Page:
Saturday, April 13, 2013

Report Unhandled Errors from JavaScript

Logging and aggregating error reports is one of the most important things you can do when building software: 80% of customer issues can be solved by fixing 20% of the top-reported bugs.

Almost all websites at least has some form of error logging on their servers, but what about the client side of those websites? People have a tendency to brush over best practices for client side web development because "it's just some scripts." That, is, WRONG! Your JavaScript is your client application, it is how users experience your website, and as such it needs the proper attention and maintenance as any other rich desktop application.

So then, how do you actually know when your users are experiencing errors in their browser? If you are like the vast majority of websites out there...

You don't know about JavaScript errors, and it's time to fix that!


Browsers do offer a way to get notified of all unhandled exceptions, that is the window.onerror event handler. You can wire a listener up to this global event handler and get back three parameters: the error message, the URL of the file in which the script broke, and the line number where the exception was thrown.

window.onerror = function myErrorHandler(errorMsg, url, lineNumber) {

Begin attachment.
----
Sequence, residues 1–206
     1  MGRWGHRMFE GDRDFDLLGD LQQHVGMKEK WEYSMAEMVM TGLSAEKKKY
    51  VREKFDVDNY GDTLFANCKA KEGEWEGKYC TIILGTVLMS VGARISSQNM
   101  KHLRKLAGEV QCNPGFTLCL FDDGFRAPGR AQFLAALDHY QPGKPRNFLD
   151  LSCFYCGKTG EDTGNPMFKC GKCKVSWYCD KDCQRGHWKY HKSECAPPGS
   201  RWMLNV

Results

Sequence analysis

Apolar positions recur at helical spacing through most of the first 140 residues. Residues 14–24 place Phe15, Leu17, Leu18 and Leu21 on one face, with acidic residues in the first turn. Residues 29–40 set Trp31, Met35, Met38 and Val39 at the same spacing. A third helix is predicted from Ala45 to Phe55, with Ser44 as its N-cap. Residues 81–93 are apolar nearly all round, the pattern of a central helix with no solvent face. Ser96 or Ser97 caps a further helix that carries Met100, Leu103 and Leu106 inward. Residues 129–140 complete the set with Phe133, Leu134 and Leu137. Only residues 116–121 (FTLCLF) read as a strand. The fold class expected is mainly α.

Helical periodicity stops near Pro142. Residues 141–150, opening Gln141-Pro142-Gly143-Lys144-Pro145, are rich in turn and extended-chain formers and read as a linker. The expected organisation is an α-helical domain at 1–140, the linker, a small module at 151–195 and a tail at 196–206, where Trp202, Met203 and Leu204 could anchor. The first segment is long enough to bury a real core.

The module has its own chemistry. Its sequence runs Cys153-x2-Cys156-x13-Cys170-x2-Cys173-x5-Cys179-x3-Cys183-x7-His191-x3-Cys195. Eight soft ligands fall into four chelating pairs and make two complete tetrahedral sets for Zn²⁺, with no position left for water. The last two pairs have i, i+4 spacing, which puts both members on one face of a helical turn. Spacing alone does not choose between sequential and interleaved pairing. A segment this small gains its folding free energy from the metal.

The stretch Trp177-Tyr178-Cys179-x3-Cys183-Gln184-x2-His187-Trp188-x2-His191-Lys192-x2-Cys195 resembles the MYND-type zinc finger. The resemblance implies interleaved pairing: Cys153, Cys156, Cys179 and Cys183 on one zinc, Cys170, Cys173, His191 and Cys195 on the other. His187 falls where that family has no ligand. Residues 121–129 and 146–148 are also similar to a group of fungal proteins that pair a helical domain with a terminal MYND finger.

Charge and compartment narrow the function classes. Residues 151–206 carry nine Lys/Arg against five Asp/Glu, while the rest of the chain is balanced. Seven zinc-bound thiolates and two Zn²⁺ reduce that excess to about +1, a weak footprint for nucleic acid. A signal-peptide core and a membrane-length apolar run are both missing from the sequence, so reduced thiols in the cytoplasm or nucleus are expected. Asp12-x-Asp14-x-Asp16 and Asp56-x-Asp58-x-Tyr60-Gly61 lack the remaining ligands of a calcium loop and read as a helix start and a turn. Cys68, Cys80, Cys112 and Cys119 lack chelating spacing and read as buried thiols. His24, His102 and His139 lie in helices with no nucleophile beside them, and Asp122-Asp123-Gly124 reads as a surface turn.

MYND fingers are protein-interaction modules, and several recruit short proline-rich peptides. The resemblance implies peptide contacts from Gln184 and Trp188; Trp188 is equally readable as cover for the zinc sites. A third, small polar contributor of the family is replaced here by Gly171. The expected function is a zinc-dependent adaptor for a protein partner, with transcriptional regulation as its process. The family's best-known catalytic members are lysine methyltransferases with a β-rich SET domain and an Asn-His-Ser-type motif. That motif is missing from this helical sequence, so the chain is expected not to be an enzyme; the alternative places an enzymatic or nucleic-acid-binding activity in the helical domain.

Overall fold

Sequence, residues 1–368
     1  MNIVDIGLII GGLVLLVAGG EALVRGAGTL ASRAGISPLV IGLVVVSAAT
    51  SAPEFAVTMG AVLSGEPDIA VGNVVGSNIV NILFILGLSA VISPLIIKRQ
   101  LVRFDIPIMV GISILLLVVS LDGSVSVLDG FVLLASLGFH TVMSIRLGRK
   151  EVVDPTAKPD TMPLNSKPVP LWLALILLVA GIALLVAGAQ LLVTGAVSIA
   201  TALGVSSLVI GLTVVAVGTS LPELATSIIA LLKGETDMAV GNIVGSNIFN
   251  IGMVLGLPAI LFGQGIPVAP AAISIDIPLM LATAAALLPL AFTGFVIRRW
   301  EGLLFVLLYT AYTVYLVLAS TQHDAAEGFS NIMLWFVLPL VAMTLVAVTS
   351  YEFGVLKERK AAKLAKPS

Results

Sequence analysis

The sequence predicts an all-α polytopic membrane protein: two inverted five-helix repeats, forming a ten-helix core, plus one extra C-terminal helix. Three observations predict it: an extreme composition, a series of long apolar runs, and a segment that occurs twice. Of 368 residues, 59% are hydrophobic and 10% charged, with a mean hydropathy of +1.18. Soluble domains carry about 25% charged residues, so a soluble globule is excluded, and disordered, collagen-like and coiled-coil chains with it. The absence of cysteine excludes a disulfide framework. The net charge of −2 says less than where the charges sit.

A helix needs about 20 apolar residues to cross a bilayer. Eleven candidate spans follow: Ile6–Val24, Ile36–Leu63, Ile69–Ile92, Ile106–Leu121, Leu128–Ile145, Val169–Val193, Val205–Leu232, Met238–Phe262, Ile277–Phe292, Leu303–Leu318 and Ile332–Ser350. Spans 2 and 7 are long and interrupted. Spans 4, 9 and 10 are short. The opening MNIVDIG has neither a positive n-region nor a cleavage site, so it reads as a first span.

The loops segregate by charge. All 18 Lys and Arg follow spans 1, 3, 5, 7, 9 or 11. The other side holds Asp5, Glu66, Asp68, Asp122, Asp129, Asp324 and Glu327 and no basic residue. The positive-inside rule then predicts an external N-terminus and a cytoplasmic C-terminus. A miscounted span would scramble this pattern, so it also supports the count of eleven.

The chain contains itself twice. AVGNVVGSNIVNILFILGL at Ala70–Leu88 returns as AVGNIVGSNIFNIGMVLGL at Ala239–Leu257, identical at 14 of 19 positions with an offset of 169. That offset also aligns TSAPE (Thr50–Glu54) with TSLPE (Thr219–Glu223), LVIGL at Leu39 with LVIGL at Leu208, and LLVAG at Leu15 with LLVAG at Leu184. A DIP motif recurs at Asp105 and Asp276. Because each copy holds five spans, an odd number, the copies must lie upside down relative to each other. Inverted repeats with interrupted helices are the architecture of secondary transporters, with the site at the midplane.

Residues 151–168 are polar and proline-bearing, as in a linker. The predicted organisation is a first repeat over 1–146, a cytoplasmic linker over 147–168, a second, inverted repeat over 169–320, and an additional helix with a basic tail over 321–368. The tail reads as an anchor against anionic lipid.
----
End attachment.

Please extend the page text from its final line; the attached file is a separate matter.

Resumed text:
// TODO: Something with this exception!
  // Just let default handler run.
  return false;


JavaScript can throw exceptions like any other language; browser debugging tools often show you a full stack trace for unhandled exceptions, but gathering that information programmatically is a bit more tricky. To learn a bit more about the JavaScript language and how to gather this information yourself, I suggest taking a look at this article by Helen Emerson. However in practice I would strongly suggest you use a more robust tool...

StackTrace.js is a very powerful library that will build a fully detailed stack trace from an exception object. It has a simple API, cross browser support, it handles fringe cases, and is very light weight and unobtrusive to your other JS libraries.

try {
    // error producing code
} catch(error) {
   // Returns stacktrace from error!
   var stackTrace = printStackTrace({e: error});

Two Big Problems

  1. The window.onerror callback does not contain the actual error object.

This is a big problem because without the error object you cannot rebuild the stack trace. The error message is always useful, but file names and line numbers will be completely useless once you have minified your code in production. Currently, the only way you can bring additional information up to the onerror callback is to try catch any exceptions that you can and store the error object in a closure or global variable.

  1. If you globally try catch event handlers it will be harder to use a debugger.

It would not be ideal to wrap every single piece of code that you write in an individual try catch block, and if you try to wrap your generic event handling methods in try catches then those catch blocks will interrupt your debugger when you are working with code in development.

Currently my suggestion is to go with the latter option, but only deploy those interceptors with your minified or production code.

jQuery Solution

This global error handling implementation for jQuery and ASP.NET MVC is only 91 lines of JavaScript and 62 lines of C#.

Download JavaScriptErrorReporter from GitHub

To get as much information as possible, you need to wire up to three things:
(Again, I suggest that you only include this when your code is minified!)